The view here is still on the island and about two and a half miles west of the fort. The charming concrete blocks stabilize the shoreline, but we're here for the staircase.
They lead to a very small marine cave, the Gangeshwar Temple, exposed at low tide. The figures have to be cut time and again as the waves erode them.
And here, just to the east, is the sign of another pre-European population. It's the mosque of Qadi Muhammad, facing Mecca, which is almost exactly 2,000 miles due west, though a lot farther by sea. Notice that nibbly surface, which may look soft and crumbly but isn't.
We've climbed up. The mosque and tombs are new, of course, and the paint couldn't be newer. But the burials themselves are old and what is that curious tapered cone? The answer is on the other side of the wall.
Pardon our construction materials, but we're looking at an old prayer wall or namazgah and a mihrab or prayer niche carved from two blocks of stone under a lintel. The central circular medallion show a lotus from which an oil lamp hangs on a chain. In the spandrels above the ogee arch are more lotuses, and yet another at the crown, framed by floral designs.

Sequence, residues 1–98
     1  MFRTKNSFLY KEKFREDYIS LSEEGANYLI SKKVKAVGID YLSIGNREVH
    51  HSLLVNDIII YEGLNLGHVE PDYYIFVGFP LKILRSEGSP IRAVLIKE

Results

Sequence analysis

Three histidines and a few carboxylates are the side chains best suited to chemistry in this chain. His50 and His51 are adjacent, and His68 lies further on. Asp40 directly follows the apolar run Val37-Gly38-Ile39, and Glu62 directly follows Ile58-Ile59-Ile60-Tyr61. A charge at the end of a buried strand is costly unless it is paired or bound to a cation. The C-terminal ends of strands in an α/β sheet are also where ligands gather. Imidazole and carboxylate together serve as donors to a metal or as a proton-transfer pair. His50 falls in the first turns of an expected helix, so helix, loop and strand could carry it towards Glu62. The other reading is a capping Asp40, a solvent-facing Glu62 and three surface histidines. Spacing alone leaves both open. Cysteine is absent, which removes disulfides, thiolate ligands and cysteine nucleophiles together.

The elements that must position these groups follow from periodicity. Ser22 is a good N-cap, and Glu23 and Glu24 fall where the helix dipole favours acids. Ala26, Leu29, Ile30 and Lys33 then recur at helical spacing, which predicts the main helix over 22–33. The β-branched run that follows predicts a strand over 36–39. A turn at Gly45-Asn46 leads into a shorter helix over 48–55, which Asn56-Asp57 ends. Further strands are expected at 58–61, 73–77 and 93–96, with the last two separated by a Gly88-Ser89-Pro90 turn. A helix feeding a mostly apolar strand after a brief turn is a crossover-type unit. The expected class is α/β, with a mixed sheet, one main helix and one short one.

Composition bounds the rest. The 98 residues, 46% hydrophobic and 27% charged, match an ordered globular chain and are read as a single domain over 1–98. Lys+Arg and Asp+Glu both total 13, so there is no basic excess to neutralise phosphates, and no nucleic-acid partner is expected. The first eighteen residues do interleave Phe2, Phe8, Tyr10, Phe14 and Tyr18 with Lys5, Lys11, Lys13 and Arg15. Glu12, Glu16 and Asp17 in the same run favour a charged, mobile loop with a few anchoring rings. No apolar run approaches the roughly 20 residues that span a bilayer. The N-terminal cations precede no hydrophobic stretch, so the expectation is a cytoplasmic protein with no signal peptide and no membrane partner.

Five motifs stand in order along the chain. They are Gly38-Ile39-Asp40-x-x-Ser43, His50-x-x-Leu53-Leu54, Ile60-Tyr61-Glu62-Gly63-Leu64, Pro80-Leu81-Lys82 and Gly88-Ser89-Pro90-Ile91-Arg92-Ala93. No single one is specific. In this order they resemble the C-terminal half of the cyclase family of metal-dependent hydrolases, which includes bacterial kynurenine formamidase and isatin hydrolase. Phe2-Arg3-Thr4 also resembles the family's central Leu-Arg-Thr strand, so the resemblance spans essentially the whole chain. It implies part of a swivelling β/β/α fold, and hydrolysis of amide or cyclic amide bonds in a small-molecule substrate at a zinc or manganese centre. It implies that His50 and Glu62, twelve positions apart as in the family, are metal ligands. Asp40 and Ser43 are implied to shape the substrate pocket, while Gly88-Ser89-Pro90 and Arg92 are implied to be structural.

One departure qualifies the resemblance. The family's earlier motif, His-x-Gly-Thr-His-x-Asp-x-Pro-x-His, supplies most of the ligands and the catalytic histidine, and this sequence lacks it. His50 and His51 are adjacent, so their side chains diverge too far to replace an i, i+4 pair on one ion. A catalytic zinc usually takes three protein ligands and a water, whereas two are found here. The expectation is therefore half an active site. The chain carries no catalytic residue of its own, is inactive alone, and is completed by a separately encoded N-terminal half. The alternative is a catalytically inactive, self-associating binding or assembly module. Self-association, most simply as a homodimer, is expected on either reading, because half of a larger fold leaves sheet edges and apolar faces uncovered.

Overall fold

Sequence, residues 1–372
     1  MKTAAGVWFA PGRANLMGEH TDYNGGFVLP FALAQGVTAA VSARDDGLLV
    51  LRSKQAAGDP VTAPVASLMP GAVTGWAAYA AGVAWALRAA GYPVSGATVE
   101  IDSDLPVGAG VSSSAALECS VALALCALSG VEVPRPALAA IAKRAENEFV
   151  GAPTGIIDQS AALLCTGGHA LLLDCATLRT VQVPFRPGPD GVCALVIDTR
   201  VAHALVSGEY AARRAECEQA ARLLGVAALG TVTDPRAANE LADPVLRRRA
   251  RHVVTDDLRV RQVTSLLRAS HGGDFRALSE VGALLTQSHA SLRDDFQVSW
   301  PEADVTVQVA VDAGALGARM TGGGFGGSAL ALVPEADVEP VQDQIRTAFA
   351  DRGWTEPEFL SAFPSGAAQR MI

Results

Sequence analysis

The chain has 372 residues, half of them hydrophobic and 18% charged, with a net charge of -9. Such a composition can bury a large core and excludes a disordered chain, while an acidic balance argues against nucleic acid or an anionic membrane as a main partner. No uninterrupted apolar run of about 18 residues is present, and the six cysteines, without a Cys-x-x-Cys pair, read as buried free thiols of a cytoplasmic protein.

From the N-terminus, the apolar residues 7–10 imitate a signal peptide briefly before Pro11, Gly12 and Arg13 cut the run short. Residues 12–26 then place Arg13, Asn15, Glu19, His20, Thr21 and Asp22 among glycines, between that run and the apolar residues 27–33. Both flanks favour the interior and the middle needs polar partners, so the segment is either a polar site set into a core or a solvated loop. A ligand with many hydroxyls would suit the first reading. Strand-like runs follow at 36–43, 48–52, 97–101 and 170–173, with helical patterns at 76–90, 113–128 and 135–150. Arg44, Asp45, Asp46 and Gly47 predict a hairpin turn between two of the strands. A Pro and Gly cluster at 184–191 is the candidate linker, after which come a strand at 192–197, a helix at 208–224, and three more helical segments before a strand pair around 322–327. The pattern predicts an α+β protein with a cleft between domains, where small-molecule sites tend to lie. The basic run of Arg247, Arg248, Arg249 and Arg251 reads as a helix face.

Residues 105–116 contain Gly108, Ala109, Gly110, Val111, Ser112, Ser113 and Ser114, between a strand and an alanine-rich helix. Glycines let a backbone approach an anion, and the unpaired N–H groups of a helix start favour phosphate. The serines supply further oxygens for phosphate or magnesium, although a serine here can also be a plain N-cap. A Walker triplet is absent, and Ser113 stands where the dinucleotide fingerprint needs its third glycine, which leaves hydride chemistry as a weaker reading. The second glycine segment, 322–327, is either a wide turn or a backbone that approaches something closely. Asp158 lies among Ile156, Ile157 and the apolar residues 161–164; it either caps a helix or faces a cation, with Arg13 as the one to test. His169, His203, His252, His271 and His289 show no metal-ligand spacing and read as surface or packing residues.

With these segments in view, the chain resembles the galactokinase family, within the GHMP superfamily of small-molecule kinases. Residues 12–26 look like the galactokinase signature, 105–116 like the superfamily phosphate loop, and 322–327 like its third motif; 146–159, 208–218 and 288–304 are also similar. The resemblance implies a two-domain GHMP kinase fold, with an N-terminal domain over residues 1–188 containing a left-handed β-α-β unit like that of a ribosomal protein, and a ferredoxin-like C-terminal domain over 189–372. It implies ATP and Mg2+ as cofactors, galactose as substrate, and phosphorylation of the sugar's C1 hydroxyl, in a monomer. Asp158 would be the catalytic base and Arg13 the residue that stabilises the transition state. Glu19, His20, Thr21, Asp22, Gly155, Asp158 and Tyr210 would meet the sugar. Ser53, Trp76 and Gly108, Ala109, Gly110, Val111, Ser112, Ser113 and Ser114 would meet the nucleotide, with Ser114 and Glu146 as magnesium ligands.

The best description of this mosque (and of just about everything else on the island) comes from a series of articles published primarily in South Asian Studies by Mehrdad and Natalie H. Shokoohy. They write that the columns to either side of the niche (a barbarian might think they looked like stacked spools) represent vases.
Enter the Portuguese. This tiny island, Panikotha, or Forte do Mar, stands in the middle of the bay at the eastern end of the island. The lighthouse is modern, and there probably are pre-European fortifications on the island, but the visible fortress is Portuguese.